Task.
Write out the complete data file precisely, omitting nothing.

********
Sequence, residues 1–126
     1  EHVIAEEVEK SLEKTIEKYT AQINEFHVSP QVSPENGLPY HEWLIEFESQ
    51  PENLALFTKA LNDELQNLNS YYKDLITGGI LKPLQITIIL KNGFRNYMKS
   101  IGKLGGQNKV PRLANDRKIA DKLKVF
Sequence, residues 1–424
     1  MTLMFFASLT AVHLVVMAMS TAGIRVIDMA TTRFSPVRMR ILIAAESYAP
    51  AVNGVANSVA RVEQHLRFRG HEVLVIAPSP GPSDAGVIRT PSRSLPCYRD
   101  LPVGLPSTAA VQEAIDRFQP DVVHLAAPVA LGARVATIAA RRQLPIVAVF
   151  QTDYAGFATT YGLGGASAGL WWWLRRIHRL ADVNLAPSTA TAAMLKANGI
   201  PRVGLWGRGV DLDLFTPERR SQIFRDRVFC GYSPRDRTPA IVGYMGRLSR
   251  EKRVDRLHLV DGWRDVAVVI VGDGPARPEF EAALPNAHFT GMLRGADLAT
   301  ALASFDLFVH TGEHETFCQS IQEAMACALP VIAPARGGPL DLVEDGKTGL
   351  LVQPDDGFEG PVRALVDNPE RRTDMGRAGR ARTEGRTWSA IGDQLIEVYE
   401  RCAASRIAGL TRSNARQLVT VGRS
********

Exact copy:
Sequence, residues 1–126
     1  EHVIAEEVEK SLEKTIEKYT AQINEFHVSP QVSPENGLPY HEWLIEFESQ
    51  PENLALFTKA LNDELQNLNS YYKDLITGGI LKPLQITIIL KNGFRNYMKS
   101  IGKLGGQNKV PRLANDRKIA DKLKVF
Sequence, residues 1–424
     1  MTLMFFASLT AVHLVVMAMS TAGIRVIDMA TTRFSPVRMR ILIAAESYAP
    51  AVNGVANSVA RVEQHLRFRG HEVLVIAPSP GPSDAGVIRT PSRSLPCYRD
   101  LPVGLPSTAA VQEAIDRFQP DVVHLAAPVA LGARVATIAA RRQLPIVAVF
   151  QTDYAGFATT YGLGGASAGL WWWLRRIHRL ADVNLAPSTA TAAMLKANGI
   201  PRVGLWGRGV DLDLFTPERR SQIFRDRVFC GYSPRDRTPA IVGYMGRLSR
   251  EKRVDRLHLV DGWRDVAVVI VGDGPARPEF EAALPNAHFT GMLRGADLAT
   301  ALASFDLFVH TGEHETFCQS IQEAMACALP VIAPARGGPL DLVEDGKTGL
   351  LVQPDDGFEG PVRALVDNPE RRTDMGRAGR ARTEGRTWSA IGDQLIEVYE
   401  RCAASRIAGL TRSNARQLVT VGRS